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https://www.duolingo.com/NeldeParis

'Report a problem' is no longer helpful.

NeldeParis
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When you want to report a problem, you have only three options: The audio does not sound correct. The dictionary hints on hover are wrong or missing. The French sentence is unnatural or has an error.

How do you report a problem when you've given a perfectly reasonable, natural English answer and the answer is rejected? The only thing to do, apparently, is to mention it on the discussion page, but you go there and find that someone else has already raised the same objection and nothing has been done about it.

It also seems impossible to find a place to mention that having only the female speaker (apparently - the male never is heard when I'm using Duolingo) is a bad idea. I found him quite clear in French and the woman almost always requires many repetitions on 'slow' mode, and even then often I just type a few words and click 'enter' because there's no way I'm going to be able to understand her. This has been a problem from the beginning, and I suspect it has something to do with the pitch of her voice not coming out of speakers well or something. The female-only in Polish is not so hard to understand, but the French female speaker is almost never clear.

The most recent changes to Duolingo have not been particularly helpful - this included. Cutting off meaningful feedback from users seems short-sighted.

Even now, when I want to pick a discussion topic, I cannot pick the topic, 'problems with the website in general,' but have to limit the topic to a particular language I'm working on. What if the problem is not limited to a particular language?

1 year ago

6 Comments


https://www.duolingo.com/ViticellaV
ViticellaV
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To address your last problem, hit edit and try again. Usually troubleshooting will show up when you re-select a topic.

1 year ago

https://www.duolingo.com/piguy3
piguy3
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I have an option, "My answer should be accepted." If it's not showing up for you, I'd think a bug report would be in order.

1 year ago

https://www.duolingo.com/NeldeParis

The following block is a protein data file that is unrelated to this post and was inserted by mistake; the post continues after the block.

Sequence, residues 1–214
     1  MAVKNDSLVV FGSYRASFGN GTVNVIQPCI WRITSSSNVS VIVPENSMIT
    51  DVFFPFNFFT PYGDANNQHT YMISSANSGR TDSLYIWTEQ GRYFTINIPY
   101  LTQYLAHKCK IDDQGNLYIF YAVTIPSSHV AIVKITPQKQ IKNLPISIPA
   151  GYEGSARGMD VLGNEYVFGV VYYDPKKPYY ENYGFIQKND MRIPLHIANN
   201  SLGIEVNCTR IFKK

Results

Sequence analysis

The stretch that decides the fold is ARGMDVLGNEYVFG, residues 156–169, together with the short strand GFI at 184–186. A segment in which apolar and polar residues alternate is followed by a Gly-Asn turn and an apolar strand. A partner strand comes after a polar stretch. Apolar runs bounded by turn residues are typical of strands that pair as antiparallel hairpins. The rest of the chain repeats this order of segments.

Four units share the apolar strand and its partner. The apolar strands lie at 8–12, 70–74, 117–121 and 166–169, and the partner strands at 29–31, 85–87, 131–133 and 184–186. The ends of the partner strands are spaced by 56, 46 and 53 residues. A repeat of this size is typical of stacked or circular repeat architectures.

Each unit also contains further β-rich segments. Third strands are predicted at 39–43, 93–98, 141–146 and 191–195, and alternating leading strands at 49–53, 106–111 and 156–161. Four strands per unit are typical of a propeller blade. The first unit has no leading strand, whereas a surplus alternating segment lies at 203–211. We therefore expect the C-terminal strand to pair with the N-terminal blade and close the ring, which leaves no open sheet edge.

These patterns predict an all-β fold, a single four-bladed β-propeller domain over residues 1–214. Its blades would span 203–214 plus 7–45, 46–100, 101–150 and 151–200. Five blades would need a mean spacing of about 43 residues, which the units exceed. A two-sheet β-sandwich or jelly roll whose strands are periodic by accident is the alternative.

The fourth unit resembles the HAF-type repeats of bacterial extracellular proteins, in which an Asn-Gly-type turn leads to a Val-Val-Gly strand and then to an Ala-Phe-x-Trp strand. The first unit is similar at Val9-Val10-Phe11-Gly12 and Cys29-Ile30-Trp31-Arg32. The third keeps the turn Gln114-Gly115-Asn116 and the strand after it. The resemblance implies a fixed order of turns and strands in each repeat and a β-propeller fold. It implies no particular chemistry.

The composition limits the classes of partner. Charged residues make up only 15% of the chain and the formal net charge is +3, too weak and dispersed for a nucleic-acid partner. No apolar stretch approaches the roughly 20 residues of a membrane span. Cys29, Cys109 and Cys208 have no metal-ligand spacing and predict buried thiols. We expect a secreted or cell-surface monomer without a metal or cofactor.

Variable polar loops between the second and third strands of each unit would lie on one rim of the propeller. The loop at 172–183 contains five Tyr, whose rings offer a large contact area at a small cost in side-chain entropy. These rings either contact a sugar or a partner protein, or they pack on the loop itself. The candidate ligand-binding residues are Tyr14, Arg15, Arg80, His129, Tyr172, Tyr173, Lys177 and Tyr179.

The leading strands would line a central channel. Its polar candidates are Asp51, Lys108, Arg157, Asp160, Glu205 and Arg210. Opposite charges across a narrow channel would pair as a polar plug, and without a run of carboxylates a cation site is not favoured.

NeldeParis
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I'm using a stationary computer at home. I understand from different comments that there are different options and even perhaps different names for things when you're using a phone or some other portable device. Is this the case for you?

1 year ago

https://www.duolingo.com/piguy3
piguy3
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Yes, the app versions (which between iOS and Android are also quite different) and the version for mobile web browsers differ a great deal from the full browser version that appears on a desktop computer.

This is the box I get when selecting the report button on a sentence on my computer:

BTW, the place to ask about the choice of voice is probably in the French forum. Maybe the course moderators know what is afoot, and they're more likely to see the question / critique there.

1 year ago

https://www.duolingo.com/SallyMoen
SallyMoen
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With you on this problem. I end up copying down the answer given, then when the question comes around again, I just fill it in with that answer. It is frustrating, but I figure this is part of the process of learning another language: there are somethings that make no sense at first, and may never make sense. Have you any memory of learning English in school? I wouldn't want to learn it now: it has a multitude of contradictory rules, from multiple language sources.
Sorry I couldn't help. Best wishes, here's a lingot

1 year ago

https://www.duolingo.com/NeldeParis
NeldeParis
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I do that too, only I'm so lazy that I copy and paste the answer and then paste it in when it comes up again. I also do it when the answer has a lot of different French letters or Polish letters and it seems like every time I type the correct answer, I miss a different accent mark or put in the wrong Polish 'z' and have to do it again.

I'm a native-speaker of English, and correct English always came easily to me, but I know what you mean about not wanting to learn it now. I worked for 23 years in a college that trained non-native-speakers to be teachers of English, and the hardest thing was having to explain grammar rules that simply came naturally to me from growing up in a family that read a lot. Acquiring a language as a native-speaker is a completely different thing from learning the language as a non-native speaker.

1 year ago